Mamiya 645 AF with 80mm f/2.8 on Ilford XP2 film
Film is going through a hard process of adapting to a digital environment. About two year ago the digital fever finally broke down and people starting looking for film cameras again. Nevertheless, a lot of film stock was discontinued ever since: Kodachrome, the 35mm versions of the Fuji professional print emulsions (Reala, 160C/S, Pro 400H). But Kodak did some efforts on introducing some film:
2008, Kodak Ektar 100 (a nature/wildlife film to replace chrome, which is getting harder to get it developed);
2010, Kodak Portra 400 (improved and merges the NC/VC older versions of this emulsion);
2011, Kodak Portra 160 (improved and merges the NC/VC older versions of this emulsion).
There's also a lot of film being done nowadays. Do you know Adox CMS 20? It has been around for some timeFor landscape B&W 35mm film photographers this can be a great improvement. Although being able to provide us with the largest lpm (lines per millimeter) rate, 35mm film is not a common tool for nature and landscape. Photographers prefer medium and large format because the size of the film is greater producing higher quality images. But this Adox CMS 20 can provide us with an insane resolution: Ilford Delta 100 film produces 150 l/mm; while Adox provides us with 800 l/mm. It is reported to enable 2.5meters diagonal size enlargement. This might make you think about the advantages of film photography.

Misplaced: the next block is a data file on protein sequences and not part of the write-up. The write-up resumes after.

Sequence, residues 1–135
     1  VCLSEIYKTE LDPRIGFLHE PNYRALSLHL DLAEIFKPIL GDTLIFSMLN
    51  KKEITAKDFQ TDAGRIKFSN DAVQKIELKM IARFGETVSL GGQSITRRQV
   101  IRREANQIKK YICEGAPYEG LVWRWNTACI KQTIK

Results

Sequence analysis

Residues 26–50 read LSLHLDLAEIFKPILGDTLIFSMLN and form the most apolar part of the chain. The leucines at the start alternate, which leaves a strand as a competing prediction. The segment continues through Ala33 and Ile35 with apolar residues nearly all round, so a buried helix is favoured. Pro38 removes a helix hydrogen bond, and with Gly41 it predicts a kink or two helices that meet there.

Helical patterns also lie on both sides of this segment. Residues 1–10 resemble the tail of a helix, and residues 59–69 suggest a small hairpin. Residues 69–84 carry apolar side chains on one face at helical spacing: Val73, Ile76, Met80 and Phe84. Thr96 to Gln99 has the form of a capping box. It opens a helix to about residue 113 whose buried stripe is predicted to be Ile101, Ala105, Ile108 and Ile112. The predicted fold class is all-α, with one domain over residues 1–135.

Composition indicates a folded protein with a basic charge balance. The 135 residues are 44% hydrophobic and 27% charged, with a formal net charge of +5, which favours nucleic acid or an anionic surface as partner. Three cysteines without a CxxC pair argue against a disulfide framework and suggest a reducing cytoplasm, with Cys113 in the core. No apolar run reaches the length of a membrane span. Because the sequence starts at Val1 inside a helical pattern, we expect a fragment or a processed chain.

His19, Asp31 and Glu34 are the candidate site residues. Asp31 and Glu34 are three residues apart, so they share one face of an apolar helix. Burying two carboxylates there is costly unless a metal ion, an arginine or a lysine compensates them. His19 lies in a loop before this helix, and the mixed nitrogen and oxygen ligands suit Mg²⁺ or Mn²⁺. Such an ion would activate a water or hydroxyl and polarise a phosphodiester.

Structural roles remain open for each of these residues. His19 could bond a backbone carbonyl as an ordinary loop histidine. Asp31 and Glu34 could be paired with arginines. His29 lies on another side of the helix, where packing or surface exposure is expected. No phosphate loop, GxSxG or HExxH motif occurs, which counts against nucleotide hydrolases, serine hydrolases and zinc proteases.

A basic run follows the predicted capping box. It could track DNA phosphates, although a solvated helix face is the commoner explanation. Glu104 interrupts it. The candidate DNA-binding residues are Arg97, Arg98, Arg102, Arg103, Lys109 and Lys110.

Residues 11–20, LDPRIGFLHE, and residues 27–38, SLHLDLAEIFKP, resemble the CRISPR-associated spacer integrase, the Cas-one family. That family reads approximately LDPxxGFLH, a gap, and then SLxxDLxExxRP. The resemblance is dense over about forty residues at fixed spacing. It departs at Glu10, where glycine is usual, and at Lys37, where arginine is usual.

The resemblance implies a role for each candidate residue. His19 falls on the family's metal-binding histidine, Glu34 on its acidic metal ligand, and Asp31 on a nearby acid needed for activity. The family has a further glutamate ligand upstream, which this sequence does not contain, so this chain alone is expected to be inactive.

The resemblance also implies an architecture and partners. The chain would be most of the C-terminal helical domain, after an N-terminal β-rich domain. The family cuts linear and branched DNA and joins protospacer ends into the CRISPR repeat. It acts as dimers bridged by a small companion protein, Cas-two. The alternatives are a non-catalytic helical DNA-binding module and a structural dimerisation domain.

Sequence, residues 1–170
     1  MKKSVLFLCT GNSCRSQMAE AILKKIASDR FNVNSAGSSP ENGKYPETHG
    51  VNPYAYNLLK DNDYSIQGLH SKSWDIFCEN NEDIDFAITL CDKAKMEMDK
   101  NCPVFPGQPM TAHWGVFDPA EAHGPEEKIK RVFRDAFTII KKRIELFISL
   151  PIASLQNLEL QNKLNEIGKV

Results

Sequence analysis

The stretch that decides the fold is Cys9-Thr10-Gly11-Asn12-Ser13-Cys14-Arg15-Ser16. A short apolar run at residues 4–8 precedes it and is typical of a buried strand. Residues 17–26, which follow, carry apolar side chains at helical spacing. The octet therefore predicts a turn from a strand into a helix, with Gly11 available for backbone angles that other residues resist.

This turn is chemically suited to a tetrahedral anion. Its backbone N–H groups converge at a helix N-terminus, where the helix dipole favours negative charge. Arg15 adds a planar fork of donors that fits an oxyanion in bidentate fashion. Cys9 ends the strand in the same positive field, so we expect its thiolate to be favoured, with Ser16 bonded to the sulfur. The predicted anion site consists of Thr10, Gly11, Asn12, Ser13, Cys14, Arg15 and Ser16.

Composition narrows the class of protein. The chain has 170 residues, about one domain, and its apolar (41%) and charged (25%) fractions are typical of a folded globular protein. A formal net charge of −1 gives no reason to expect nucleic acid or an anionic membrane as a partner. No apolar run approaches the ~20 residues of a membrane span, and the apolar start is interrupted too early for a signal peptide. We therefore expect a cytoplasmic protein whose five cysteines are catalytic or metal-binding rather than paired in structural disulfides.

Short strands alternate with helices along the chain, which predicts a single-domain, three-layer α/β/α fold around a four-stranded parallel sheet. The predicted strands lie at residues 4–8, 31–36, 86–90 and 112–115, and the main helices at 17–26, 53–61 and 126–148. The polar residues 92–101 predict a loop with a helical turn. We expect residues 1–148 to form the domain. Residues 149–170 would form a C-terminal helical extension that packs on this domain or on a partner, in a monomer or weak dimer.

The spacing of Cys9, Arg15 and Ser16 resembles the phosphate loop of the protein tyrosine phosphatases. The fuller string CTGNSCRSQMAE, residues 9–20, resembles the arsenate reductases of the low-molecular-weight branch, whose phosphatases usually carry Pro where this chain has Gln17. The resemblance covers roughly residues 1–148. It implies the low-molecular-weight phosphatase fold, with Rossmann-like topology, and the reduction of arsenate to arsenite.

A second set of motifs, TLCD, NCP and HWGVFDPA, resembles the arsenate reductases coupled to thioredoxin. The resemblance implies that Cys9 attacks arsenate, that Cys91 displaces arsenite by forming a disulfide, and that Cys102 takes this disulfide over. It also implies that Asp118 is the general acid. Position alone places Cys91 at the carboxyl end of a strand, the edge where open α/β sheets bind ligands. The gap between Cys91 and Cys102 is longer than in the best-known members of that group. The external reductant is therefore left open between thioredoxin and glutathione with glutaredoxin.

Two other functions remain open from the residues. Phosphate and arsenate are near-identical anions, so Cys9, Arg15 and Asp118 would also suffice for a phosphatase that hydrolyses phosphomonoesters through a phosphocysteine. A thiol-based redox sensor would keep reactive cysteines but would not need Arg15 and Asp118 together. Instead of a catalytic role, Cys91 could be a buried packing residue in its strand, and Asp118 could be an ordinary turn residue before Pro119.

If you like film, shoot it. Support your local lab and spread the benefits of using film :)